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Due to the BBC's public service remit it has to support a very wide range of use cases - many of which fall outside of the accepted norm. For example the BBC has to provide its contents to libraries and schools, many of which have more heavily 'locked down' machines than your typical corporate network, and who do not have the money or time to upgrade their machines. There are a lot of smaller user groups in situations that prevent them from upgrading too. You'd be surprised how many older machine users this equates to. Thus the BBC has to support the thin end of the wedge of web browsers, and the stats we have (unfortunately) back this up.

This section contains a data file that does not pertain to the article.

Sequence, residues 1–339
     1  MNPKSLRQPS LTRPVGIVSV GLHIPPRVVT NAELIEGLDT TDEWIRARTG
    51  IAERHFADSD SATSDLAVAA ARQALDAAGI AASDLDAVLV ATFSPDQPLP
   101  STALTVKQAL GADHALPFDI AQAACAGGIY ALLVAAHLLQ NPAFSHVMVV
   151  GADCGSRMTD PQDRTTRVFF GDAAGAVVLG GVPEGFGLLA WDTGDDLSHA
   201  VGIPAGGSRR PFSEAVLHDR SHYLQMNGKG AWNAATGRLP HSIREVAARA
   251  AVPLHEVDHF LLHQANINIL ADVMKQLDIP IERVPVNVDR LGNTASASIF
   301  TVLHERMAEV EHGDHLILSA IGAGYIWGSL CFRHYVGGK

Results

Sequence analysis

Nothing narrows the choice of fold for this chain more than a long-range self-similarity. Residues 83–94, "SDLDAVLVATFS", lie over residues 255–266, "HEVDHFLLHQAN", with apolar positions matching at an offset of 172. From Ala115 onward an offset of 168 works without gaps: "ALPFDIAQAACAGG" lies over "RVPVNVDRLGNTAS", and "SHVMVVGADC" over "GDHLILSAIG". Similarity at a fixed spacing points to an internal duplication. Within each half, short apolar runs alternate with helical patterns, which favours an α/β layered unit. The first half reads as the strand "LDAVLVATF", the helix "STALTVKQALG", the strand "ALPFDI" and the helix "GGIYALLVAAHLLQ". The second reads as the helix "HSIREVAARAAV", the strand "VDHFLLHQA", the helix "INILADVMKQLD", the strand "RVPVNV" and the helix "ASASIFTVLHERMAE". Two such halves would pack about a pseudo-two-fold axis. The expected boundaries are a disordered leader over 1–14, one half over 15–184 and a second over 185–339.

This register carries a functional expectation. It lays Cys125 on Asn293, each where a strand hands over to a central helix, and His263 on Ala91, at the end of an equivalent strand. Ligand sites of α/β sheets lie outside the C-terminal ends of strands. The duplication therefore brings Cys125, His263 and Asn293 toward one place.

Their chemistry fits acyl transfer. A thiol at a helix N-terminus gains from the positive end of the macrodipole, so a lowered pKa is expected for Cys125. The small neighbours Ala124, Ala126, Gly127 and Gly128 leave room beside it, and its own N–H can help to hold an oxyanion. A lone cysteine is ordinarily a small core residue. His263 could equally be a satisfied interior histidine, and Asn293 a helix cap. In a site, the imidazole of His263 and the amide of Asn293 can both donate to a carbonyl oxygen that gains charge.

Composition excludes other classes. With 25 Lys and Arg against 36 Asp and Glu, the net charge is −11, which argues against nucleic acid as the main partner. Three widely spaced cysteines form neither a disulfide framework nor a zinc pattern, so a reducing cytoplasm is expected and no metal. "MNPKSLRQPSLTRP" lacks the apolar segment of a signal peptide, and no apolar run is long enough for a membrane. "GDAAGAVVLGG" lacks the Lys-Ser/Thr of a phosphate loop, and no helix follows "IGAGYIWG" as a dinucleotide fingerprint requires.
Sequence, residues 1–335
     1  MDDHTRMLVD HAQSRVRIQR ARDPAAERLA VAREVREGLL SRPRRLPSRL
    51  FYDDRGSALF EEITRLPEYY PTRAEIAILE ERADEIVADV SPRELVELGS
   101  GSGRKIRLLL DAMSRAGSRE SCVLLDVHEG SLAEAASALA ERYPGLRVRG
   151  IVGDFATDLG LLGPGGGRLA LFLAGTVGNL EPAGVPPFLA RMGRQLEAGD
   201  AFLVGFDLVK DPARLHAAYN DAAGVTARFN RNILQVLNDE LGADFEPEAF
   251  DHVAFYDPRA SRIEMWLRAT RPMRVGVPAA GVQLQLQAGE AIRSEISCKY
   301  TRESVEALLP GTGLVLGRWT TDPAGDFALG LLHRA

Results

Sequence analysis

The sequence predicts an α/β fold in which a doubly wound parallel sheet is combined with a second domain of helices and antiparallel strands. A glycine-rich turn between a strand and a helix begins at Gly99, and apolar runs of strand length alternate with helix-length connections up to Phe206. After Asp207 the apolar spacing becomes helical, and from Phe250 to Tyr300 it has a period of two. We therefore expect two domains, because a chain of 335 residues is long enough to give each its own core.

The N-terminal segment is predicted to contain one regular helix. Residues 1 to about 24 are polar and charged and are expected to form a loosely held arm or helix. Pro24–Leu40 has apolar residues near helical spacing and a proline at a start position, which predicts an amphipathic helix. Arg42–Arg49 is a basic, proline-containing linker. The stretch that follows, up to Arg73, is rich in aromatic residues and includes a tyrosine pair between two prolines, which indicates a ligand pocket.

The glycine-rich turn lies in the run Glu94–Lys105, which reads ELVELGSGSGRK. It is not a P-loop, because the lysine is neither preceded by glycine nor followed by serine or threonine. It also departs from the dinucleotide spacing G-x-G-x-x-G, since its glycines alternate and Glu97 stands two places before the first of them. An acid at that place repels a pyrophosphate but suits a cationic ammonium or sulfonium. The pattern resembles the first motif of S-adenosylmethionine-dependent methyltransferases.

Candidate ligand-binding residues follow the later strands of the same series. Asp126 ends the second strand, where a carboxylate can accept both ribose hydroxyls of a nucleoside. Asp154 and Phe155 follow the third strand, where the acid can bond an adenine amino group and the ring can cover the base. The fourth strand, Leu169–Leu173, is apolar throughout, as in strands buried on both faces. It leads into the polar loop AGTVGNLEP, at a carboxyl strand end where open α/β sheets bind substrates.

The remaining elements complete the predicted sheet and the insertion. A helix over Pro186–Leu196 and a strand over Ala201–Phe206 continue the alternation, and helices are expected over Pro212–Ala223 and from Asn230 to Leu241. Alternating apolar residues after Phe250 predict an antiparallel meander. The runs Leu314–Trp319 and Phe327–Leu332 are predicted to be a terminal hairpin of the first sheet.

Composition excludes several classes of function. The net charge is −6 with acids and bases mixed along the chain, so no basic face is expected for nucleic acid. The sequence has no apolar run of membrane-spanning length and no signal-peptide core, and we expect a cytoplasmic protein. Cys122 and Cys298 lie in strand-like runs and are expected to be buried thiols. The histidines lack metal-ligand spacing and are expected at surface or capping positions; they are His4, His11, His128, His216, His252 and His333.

The Glow team itself is actually a very small team, even in BBC terms (which usually has small teams compared to a lot of companies). Add to this the in-house support they give to all of the other web products in terms of a library and general JS support and you have in effect a net gain in web producing ability - not a loss, so its more effective to do this and thus a more efficient use of BBC funds.

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